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51 terms

AP Psych Ch. 15 Vocab

Ch. 15 Psych Vocab, Mrs. Rocke, Psychology 8th edition by David Myers, Worth Publishers
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personality
individual's characteristic pattern of thinking, feeling, and acting
free association
in psychoanalysis, a method of exploring the unconscious in which the person relaxes and says whatever comes to mind, no matter how trivial or embarrassing
psychoanalysis
Freud's theory of personality that attributes thoughts and actions to unconscious motives and conflicts; the techniques used in treating psychological disorders by seeking to expose and interpret unconscious tensions
unconscious
according to Freud, a reservoir of mostly unacceptable thoughts, wishes, feelings, and memories. According to contemporary psychologists, information processing of which we are unaware
id
contains a reservoir of unconscious psychic energy that, according to Freud, strives to satisfy basic sexual and aggressive drives, the id operates on the pleasure principle, demanding immediate gratification
ego
largely conscious, "executive" part of personality that, according to Freud, mediates among the demands of the id, superego, and reality. The ego operates on the reality principle, satisfying the id's desires in ways that will realistically bring pleasure rather than pain
superego
part of personality that, according to Freud, represents internalized ideals and provides standards for judgment (the conscience) and for future aspirations
pyschosexual stages
childhood stages of development (oral, anal, phallic, latency, genital) during which, according to Freud, the id's pleasure-seeking energies focus on direct erogenous zones
erogenous zones
oral (mouth-sucking, biting, chewing), anal (bowel/bladder-elimination, coping with demands for control), phallic (genitals-coping with incestuous sexual feelings), latency (dormant sexual feelings), genital (maturation of sexual interests
oedipus complex
according to Freud, a boy's sexual desires toward his mother and feelings of jealousy and hatred for the rival father
identification
process by which, according to Freud, children incorporate their parents' values into their developing superegos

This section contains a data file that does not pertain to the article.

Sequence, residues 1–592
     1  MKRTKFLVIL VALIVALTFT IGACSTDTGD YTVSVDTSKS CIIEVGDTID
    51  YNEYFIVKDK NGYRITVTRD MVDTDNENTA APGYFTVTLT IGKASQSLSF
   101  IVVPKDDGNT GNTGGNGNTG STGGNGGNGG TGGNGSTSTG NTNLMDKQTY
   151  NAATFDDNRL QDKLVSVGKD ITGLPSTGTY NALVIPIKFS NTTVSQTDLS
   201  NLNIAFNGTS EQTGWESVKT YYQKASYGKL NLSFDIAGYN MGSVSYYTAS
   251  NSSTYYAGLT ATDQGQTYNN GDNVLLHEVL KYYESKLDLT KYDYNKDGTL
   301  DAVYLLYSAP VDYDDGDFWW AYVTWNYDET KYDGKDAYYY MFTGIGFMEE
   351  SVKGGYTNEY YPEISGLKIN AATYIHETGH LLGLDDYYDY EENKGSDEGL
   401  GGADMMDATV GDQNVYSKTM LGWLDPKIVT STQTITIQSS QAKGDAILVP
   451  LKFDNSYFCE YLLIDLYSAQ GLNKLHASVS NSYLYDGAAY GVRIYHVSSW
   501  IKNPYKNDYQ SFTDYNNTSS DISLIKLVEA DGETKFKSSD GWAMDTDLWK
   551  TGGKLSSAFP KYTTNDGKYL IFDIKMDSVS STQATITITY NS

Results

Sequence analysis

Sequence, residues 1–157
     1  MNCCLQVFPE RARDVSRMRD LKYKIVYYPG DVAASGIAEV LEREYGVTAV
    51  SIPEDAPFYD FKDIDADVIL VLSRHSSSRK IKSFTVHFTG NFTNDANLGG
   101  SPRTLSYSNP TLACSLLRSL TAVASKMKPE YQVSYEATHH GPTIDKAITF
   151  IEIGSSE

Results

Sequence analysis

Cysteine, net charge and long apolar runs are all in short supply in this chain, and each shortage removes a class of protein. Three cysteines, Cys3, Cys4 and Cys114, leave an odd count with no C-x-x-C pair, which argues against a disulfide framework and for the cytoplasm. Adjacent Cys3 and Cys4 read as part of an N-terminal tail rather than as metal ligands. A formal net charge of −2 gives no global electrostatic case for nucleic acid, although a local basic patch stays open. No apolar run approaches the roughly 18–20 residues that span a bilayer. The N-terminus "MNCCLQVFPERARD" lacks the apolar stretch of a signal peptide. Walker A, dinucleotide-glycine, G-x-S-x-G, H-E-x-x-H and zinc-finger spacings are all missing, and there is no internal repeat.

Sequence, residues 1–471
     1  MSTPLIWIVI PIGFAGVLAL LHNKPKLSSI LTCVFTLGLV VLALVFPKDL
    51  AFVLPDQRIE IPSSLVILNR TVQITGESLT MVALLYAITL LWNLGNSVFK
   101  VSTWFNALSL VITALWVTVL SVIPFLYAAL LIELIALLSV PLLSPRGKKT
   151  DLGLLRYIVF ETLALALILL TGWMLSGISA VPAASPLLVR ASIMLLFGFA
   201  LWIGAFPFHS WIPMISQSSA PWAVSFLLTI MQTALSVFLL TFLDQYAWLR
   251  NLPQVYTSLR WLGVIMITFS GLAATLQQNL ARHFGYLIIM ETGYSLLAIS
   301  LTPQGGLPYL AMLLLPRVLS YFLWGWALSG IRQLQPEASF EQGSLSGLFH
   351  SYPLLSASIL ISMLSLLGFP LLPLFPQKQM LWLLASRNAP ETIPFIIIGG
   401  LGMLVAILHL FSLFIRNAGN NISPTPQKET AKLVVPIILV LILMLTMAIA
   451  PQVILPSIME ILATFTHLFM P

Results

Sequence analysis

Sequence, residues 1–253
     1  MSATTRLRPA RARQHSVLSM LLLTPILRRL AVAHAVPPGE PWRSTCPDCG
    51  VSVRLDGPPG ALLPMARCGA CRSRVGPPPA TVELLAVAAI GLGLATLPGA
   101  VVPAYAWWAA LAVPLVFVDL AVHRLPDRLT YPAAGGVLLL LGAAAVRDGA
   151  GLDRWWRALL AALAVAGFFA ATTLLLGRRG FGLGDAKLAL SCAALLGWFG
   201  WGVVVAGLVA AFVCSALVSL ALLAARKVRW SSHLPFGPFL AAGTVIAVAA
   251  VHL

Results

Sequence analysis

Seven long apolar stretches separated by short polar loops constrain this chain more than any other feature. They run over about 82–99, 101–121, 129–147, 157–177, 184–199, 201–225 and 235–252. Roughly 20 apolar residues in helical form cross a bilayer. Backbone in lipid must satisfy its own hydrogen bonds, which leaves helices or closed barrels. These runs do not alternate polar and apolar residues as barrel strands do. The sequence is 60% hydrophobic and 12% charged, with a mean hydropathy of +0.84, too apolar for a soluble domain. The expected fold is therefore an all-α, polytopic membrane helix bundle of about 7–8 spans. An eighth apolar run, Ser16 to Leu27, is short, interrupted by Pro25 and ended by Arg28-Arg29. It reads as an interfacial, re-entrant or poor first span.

fixation
according to Freud, a lingering focus of pleasure-seeking energies at an earlier psychosexual stage, in which conflicts are unresolved
defense mechanisms
in psychoanalytic theory, the ego's protective methods of reducing anxiety by unconsciously distorting reality
repression
in psychoanalytic theory, the basic defense mechanism that banishes anxiety-arousing thoughts, feelings, and memories from consciousness
regression
psychoanalytic theory defense mechanism in which an individual faced with anxiety retreats to a more infantile psychosexual stage, where some psychic energy remains fixated
reaction formation
psychoanalytic defense mechanism by which the ego unconsciously switches unacceptable impulses into their opposites. Thus, ppl may express feelings that are the opposite of their anxiety-arousing unconscious feelings
projection
psychoanalytic theory defense mechanism by which ppl disguise their own threatening impulses by attributing them to others
rationalization
defense mechanism that offers self-justifying explanations in place of the real, more threatening, unconscious reasons for one's actions
displacement
psychoanalytic defense mechanism that shifts sexual or aggressive impulses toward a more acceptable or less threatening object or person, as when redirecting anger toward a safer outlet, see sublimation
collective unconscious
Carl Jung's concept of a shared, inherited reservoir of memory traces from our species' history
psychodynamic theory
an approach to personality development, based largely on the ideas of Sigmund Freud, which holds that much of behaviour is governed by unconscious forces. (a theory)
projective test
personality test, such as the Rorschach or TAT, that provides ambiguous stimuli designed to trigger projection of one's inner dynamics